The correlation between carbon dioxide emissions and global climate change is a critical issue that has significant impact on society, communities, and economies. Yet, the capacity to store carbon dioxide in underground geologic formations — also known as carbon sequestration — is widely recognized as having vast potential for mitigating the effects of carbon emissions.

With separate grants from the National Science Foundation and the National Energy Technology Laboratory, Cheng Chen, an assistant professor of mining and minerals engineering in the Virginia Tech College of Engineering, is working on new ways to reduce the impacts of global climate change through carbon sequestration, the capacity to store carbon dioxide in underground geologic formations. 

Chen offers an innovative approach for examining how gas can be injected into subsurface geological formations for long-term storage. Results of his work could have significant implications on cutting back carbon emissions around the globe by providing a safe, secure means of storing it.

Department of Energy’s National Energy Technology Laboratory grant: Machine-learning based model

Chen was awarded $480,000 from the Department of Energy’s National Energy Technology Laboratory's University Coalition for Fossil Energy Research Program. The two-year project seeks to develop a machine-learning-based, scale-bridging, data assimilation framework with applications to geologic carbon sequestration.

Chen and his team will work to develop a less time-consuming approach to analyzing the permeability of geologic rock formations, which is based on large amounts of visualization data, such as that of CT scans. This analysis is critical to understanding a rock’s permeability and its effect on carbon dioxide injection.

Normally, this data is analyzed with computer modeling, but it can be slow and time-consuming, Chen explained. The objective of a machine-learning based approach is to collect only a specified quantity of sample data. “Once there is enough mapping between the rock geometry and the fluid mechanics properties of the rock, a model can be trained to predict the fluid mechanics properties of new samples,” said Chen.

Researchers will collect image data from associate professor of mining and mineral engineering Nino Ripepi’s field scale injection site, then develop a number of machine-learning models to analyze that data.

Postdoctoral researcher Patrick Fan (left) and Ruichang Guo, a Ph.D. graduate student, demonstrate the proper loading of shale samples for permeability measurements.

National Science Foundation Grant: Convection in porous media

The National Science Foundation also awarded Chen with a $368,000 grant from the Division of Earth Sciences to study the fundamentals of miscible density-driven convection in porous media, which is encountered in geologic carbon sequestration.

This project entails laboratory experiments in which researchers will control and study the process of miscible density-driven convection. A possible means for storing carbon dioxide is by injecting it into deep saline aquifers. Once injected, the carbon dioxide is in a supercritical state — somewhere between a gas and a liquid. Over a period of 10 to 100 years, the gas begins to dissolve into the water.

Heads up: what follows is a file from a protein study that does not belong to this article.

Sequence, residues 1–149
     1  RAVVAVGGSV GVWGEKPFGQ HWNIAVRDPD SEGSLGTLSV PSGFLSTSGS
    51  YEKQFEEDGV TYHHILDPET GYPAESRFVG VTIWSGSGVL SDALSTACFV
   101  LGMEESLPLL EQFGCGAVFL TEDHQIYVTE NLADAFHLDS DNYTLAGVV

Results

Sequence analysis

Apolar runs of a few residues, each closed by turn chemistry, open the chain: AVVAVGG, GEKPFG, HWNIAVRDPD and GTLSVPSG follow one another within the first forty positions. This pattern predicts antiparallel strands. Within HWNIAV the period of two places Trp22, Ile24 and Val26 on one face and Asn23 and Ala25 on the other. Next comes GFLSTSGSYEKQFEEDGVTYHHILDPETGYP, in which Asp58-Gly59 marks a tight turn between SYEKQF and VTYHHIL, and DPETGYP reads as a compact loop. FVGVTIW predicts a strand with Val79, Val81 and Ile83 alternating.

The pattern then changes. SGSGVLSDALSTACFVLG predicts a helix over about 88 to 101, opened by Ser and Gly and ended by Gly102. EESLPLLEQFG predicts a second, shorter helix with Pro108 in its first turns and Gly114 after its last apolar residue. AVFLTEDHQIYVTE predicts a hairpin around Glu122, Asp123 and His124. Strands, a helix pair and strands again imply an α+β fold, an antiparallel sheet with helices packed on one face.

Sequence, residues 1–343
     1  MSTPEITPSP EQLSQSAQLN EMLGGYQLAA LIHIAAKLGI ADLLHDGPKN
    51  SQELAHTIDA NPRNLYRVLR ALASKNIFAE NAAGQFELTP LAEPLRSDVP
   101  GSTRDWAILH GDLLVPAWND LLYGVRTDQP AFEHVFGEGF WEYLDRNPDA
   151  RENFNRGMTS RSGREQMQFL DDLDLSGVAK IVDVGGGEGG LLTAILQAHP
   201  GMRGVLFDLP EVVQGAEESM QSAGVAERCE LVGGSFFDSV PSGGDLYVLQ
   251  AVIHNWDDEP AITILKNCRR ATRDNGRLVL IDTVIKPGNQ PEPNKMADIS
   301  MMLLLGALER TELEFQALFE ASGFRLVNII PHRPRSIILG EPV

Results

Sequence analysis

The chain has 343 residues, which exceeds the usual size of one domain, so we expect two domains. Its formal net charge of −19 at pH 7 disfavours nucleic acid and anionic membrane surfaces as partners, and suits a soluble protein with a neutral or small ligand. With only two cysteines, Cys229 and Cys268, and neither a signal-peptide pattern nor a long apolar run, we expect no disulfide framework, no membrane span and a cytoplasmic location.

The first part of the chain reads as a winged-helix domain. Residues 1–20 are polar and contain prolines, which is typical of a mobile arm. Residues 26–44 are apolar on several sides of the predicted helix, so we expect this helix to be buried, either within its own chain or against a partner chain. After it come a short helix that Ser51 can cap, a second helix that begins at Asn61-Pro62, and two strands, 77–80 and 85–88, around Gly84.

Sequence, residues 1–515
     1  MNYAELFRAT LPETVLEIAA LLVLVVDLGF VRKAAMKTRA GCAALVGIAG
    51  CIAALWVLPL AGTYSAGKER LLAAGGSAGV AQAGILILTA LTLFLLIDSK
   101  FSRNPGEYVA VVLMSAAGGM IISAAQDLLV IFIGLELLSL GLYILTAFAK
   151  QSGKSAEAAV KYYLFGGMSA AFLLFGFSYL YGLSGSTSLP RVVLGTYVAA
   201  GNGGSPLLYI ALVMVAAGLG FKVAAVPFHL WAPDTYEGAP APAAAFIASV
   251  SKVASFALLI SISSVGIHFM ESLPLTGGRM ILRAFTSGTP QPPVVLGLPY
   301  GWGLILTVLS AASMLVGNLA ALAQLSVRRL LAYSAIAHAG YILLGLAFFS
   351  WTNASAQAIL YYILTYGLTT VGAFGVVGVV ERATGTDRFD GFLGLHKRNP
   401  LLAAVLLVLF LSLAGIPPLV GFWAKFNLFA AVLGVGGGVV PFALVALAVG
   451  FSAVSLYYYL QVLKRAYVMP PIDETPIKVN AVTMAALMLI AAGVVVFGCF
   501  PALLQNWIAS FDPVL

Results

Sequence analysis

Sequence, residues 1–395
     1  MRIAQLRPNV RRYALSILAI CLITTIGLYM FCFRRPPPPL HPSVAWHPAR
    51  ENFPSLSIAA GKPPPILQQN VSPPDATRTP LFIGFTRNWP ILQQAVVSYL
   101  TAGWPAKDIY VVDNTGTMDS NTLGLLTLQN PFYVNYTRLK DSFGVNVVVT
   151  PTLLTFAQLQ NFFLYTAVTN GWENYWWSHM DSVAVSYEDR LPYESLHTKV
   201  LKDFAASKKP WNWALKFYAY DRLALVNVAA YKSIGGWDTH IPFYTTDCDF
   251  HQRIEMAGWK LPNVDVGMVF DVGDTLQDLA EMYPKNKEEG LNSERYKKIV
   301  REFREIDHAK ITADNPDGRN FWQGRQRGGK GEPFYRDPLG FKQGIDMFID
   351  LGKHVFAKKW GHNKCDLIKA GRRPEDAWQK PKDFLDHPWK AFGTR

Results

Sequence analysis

“The pore water near the top cap rock of the aquifer is saturated with dissolved carbon dioxide and thus is denser than the underlying water not saturated with carbon dioxide, which can therefore cause miscible density-driven downward convection," Chen said.

According to Chen, the process effectively improves the long-term security of geological carbon dioxide storage. The miscible density-driven downward convection transports dissolved carbon dioxide away from the cap rock and reduces the risk of the gas leaking at the cap rock. It also has the potential to enhance subsequent carbon dioxide dissolution from the supercritical phase into the aqueous phase.

Salinity of underground aquifers affects the convection of carbon dioxide. Chen’s approach is novel in that it seeks to design well-controlled laboratory testing methods for testing the process and numerous models used to understand it.

Chen and his team will improve existing numerical models by carrying out simulations and lab experiments to confirm their hypothetical models and construct a porous media replica, or analog model. “The analog model enables us to control permeability distribution and porous media, while its glass panel construction enables the flow of the dyed fluid to be observed and recorded with a high-speed camera,” he said.

Chen is working with co-principal investigators Yang Liu, associate professor in mechanical engineering's nuclear energy program; Heng Xiao, assistant professor of aerospace and ocean engineering; James McClure, computational scientist at Virginia Tech’s Advanced Research Computing Center; Ripepi; and engineering graduate students.

“Geological sequestration is perhaps the only viable technology to mitigate global climate change while continuing large-scale use of fossil energy,” Chen said. “If, as a society, we still depend on fossil fuels in the foreseeable future, our understanding of density-driven convection in porous media and the ability to better predict and model the fluid mechanics of deep saline aquifers might allow us to safely reduce or even eliminate greenhouse gasses from the atmosphere.”

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